Aillio Founders Jacob and Jonas Lillie explain why the use of infrared technology is set to take the guesswork out of roasting.
Scientists have said our best ideas develop in the shower thanks to a relaxed state of mind and release of the brain chemical dopamine. But in the case of Jonas Lillie of roaster manufacturer Aillio, his best idea evolved while brushing his teeth.
Jonas has been trying to find a solution to the moisture build-up and dust collection inside the protective germanium glass of the Bullet roaster he and twin brother Jacob had developed.
“I had been thinking about it for a while but on this one day I had an epiphany. I thought: ‘How can you have an infrared sensor looking at the roasting beans without glass for protection?’ Without it, the sensor would be exposed to smoke and just break down over time – it needs to withstand 145°C,” Jonas says. “Then the idea popped into my head – a very, very tiny fan.”
At just 20 x 20 millimetres in size, the quick spinning fan at 15,000 revolutions per minute blows enough air into the drum of the roaster around the exposed sensor to protect it from gathering dirt or moisture.
“Some people would say, ‘well you’re just blowing cold air into the drum’. But it’s not an issue. The high-pressure air barrier is just enough to protect the probe,” Jonas says. “It’s also about having the right design and the right angle of air circulate the probe. It’s now a patent design.”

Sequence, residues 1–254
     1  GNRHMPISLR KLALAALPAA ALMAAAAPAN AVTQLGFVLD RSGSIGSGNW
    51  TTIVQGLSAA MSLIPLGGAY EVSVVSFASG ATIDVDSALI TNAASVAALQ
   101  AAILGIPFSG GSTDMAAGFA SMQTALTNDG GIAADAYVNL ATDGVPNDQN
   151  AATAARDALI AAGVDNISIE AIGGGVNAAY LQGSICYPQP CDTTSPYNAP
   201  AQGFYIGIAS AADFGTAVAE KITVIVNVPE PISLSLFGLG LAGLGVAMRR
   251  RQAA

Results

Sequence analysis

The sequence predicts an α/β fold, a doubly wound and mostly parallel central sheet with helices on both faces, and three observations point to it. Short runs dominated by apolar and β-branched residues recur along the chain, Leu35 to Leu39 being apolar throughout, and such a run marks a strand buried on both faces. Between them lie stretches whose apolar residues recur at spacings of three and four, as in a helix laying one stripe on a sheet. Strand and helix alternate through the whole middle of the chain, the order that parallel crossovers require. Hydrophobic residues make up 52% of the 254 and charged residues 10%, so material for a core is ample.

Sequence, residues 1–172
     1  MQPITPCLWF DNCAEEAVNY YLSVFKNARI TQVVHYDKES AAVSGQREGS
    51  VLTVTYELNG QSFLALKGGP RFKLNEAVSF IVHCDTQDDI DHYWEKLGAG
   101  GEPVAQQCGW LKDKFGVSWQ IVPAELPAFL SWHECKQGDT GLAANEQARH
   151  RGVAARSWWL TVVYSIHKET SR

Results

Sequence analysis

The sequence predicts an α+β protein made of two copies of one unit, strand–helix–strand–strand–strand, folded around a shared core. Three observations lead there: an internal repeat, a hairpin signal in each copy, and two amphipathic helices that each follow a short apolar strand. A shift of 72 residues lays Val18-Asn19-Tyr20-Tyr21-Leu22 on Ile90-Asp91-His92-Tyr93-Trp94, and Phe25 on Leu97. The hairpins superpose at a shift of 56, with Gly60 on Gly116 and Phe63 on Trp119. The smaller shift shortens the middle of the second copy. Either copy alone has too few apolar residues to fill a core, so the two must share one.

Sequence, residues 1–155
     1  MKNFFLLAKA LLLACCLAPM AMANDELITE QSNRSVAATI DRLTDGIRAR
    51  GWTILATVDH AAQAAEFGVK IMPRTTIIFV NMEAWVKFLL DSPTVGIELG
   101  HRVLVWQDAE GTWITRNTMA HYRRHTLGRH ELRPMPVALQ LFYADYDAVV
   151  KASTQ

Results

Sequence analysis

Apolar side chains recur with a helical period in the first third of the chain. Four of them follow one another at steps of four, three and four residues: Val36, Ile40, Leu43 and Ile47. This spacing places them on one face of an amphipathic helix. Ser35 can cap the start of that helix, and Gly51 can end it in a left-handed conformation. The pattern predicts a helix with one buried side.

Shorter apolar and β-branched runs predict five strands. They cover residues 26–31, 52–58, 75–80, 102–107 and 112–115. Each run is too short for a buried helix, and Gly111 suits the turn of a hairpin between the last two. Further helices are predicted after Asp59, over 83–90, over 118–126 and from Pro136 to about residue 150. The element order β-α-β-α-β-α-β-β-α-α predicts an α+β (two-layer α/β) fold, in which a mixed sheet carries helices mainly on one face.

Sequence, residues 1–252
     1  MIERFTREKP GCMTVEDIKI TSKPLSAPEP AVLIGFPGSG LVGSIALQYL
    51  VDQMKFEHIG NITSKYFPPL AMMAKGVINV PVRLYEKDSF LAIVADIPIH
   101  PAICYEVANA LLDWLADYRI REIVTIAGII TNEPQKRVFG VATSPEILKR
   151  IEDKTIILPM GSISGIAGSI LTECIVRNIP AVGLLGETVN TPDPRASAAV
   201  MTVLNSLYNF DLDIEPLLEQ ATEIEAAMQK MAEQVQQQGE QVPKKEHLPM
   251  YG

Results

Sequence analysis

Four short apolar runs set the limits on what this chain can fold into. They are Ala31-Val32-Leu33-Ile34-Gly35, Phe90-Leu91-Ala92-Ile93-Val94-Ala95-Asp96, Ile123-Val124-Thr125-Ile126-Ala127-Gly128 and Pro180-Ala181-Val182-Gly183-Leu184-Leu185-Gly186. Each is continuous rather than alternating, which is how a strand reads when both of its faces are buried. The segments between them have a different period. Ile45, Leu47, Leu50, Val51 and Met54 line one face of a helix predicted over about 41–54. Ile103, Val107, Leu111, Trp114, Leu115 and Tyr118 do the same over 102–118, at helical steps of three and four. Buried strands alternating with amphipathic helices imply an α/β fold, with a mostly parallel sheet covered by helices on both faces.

The Aillio brothers first came onto the coffee scene in 2016 when they launched the Bullet R1, a small-volume roaster that uses induction heating to roast a kilogram of beans in just nine-and-a-half minutes, or less for small volumes.
The 5.9-litre, 2.8-kilogram drum of the Bullet can reach temperatures of up to 310°C, measured using an infrared temperature probe. This device records the amount of light of a specific wavelength (infrared) emitted by an object, and is not influenced by batch side or weight.
“This probe was an innovation for version one of the Bullet, but as time has gone on, we also learnt from our customers what we need to improve, like cleaning access to the probe,” Jonas says. “It’s a five-minute job, but people would just forget to do it, and when dust and moisture build up, it really can change roaster output over time.”
That’s where Jonas’ bathroom epiphany changes the game. The small fan positioned inside the roaster means fewer maintenance issues and more accurate data. The challenge, however, was how to install the new infrared bean temperature sensing system (IBTS) in more than 1500 Bullet roasters already on the market.
“We didn’t want people to be disrupted by this change so we have made the probe a permanent part of our V2 Bullet roasters, and compatible in V1 models, which can be easily fitted and replaced for just US$60. All you need is a screwdriver,” Jonas says. “If you consider the costs, we’re actually losing money on this replacement, but we think it’s such a good long-term solution for roasting. The dollar value is not important – the fact that it does a better job is.”